Either way, Kubiak has displayed an excellent touch with a string of mediocre quarterbacks. And from the original decision to shut down Manning, to the insertion of Osweiler, to the reinstatement of Manning, and then the ultimate handing of the job to Siemian, he and Elway have pushed all the right buttons. If Paxton Lynch turns into a player down the road, look out.

Of course, Kubiak hasn't had much to do with his defense, which has been the domain of Elway, the architect, and to a lesser extent, Wade Phillips, the coordinator. Elway remains one of the few executives to build a championship team largely through free agency, and some of his moves have been so cold-hearted, so debated at the time, that only Bill Belichick could relate.

Who else fires a coach who led you to four division titles and a Super Bowl berth (John Fox), and then follows that up with a title? Who else lets go of BOTH quarterbacks who led you to a title and follows that up with a division lead?

It's moves like those that led ESPN to display a stat montage late in the game on Monday depicting Elway as ``the Don.'' (Wonder where they got that idea from?). Think about it.  Who else in the league -- what coach, executive or owner -- gets that kind of ``mastermind'' treatment? I don't think anyone else deserves it other than Belichick and, in second place, Elway. Ozzie Newsome in Baltimore would be a distant third; or perhaps Pete Carroll and John Schneider in Seattle deserve mention.

Regardless, as the ESPN graphic showed, the Broncos' record since Elway took over in 2011 is now 63-24, second in the league over that time only to the Pats (67-20). Denver is also one of just four teams to make the playoffs every year during his tenure (the Packers, Pats and Bengals are the others). Like the Pats and Seahawks, he's been to two Super Bowls and won one. And like the Pats, he has won his division five straight years.  

Perhaps that all comes to an end this year, and it sure looks like Denver will be fighting an uphill battle when it comes to earning home field over the Pats come December. But for now, in a league where there are no equals to Belichick, it's almost refreshing (to me, anyway) to consider someone who at least belongs in the conversation. 

Email Felger at Listen to Felger and Mazz weekdays, 2-6 p.m., on 98.5 FM. The simulcast runs daily on CSN New England.


Belichick: A lot of teams around the league are 'kind of reluctant to trade'


Belichick: A lot of teams around the league are 'kind of reluctant to trade'

FOXBORO -- It's not easy to pull off trades in the NFL around the deadline. Just look at how many are completed in the final days leading up to the deadline every year. Yet the Patriots have worked two already, and they have until Nov. 1 at 4 p.m. to execute another.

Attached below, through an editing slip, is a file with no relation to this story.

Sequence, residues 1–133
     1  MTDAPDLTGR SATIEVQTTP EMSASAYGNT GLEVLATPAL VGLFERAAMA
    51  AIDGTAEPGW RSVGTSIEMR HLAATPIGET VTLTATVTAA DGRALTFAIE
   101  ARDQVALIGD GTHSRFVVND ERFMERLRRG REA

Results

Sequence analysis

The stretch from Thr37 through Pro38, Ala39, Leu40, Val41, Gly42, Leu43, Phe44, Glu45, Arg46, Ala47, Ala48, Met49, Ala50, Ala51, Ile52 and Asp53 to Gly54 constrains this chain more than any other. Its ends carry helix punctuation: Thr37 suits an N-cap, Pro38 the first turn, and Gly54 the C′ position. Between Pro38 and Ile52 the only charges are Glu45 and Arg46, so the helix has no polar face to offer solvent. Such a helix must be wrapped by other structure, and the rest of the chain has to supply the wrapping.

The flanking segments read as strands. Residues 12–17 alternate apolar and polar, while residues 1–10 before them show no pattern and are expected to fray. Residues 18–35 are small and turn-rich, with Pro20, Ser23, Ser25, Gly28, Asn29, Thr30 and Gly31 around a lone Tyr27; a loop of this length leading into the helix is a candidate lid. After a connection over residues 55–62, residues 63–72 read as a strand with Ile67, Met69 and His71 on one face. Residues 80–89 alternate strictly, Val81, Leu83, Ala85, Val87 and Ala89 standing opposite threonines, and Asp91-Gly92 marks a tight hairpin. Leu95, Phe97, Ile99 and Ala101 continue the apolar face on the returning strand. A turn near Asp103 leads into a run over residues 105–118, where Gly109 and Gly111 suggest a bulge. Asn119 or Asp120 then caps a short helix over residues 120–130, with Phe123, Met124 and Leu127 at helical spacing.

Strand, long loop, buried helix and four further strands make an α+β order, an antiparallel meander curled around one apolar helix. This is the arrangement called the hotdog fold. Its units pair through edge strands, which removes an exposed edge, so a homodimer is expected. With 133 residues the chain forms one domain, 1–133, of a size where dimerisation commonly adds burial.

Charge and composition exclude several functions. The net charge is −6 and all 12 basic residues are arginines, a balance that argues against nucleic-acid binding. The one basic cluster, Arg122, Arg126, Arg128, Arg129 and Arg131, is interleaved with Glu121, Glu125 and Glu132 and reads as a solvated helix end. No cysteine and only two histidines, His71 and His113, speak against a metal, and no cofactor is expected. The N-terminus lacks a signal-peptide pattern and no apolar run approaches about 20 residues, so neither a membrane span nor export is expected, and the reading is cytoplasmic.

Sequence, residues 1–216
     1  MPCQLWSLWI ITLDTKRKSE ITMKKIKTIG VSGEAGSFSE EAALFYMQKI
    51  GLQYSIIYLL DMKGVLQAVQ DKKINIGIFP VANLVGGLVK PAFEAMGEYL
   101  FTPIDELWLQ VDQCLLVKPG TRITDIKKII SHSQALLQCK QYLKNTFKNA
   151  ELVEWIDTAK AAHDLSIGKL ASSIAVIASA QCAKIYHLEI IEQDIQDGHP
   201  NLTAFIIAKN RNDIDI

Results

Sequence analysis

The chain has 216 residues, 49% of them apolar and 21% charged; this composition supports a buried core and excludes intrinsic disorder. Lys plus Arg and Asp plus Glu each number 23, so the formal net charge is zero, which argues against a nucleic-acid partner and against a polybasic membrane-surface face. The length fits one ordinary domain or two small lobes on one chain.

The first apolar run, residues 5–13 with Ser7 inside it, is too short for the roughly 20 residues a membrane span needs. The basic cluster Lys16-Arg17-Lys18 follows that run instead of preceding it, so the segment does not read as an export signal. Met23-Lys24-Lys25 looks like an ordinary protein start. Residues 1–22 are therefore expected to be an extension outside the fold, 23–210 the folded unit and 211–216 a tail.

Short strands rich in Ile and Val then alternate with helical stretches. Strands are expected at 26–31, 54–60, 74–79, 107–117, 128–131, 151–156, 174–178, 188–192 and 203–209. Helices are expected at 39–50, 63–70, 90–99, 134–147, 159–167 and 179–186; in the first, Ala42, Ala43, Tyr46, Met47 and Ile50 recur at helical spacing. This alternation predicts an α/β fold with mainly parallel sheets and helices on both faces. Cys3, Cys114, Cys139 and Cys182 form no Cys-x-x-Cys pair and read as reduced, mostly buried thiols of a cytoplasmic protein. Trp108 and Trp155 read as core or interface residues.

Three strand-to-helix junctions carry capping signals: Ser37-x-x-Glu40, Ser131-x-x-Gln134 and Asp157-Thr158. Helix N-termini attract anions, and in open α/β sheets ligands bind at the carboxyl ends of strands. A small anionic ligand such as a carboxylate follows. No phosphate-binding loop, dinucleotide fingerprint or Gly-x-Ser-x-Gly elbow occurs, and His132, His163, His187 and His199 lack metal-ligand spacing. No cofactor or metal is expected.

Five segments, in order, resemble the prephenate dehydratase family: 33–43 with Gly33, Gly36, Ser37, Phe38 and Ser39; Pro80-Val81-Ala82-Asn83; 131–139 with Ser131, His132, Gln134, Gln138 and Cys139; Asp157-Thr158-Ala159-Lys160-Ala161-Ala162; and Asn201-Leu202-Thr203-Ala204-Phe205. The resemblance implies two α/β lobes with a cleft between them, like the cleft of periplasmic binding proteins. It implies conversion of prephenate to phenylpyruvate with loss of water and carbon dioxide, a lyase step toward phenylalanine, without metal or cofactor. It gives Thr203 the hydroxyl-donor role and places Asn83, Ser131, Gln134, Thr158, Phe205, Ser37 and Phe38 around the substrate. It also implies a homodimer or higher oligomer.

One of the trades they pushed through earlier this week saw them send a sixth-round pick to the Lions in exchange for a seventh-rounder and linebacker Kyle Van Noy. What helped that deal cross the finish line was the relationship between the front offices in Detroit and New England. 

Lions general manager Bob Quinn spent the majority of his professional career working for the Patriots under Bill Belichick, serving most recently as Belichick's director of pro scouting until being named to his current position in Detroit. 

Belichick acknowledged on Wednesday that there are times when having a long-standing relationship with someone can help a trade get done.

"I mean it could, yeah," Belichick said. "I mean, you know, there are a lot of teams that don’t . . . they seem kind of reluctant to trade -- this time of year, especially. But it’s one of those things that came up fairly quickly and just worked out. It wasn’t something we had talked about or anything like that previously. As I said, it kind of came up so we were able to work it out.

"Look, Bob's great to work with. But we made another trade with another team in our conference so if it’s there to be made, it’s there to be made. If it’s not, it’s not."

That other trade saw the Patriots send tight end AJ Derby to AFC rival Denver in exchange for a fifth-round pick. 

Belichick doesn't seem to care much about who he's trading with -- "We’re trying to make our team better," he said, "that’s what we’re trying to do" -- but because of the league's reluctance to deal, it seems that if the Patriots are looking for help at tight end, along their offensive line, or at pass-rusher, they may be more likely to find it by calling old friends in Tennessee, Tampa Bay, Houston or Atlanta, where former Belichick protegees are now employed.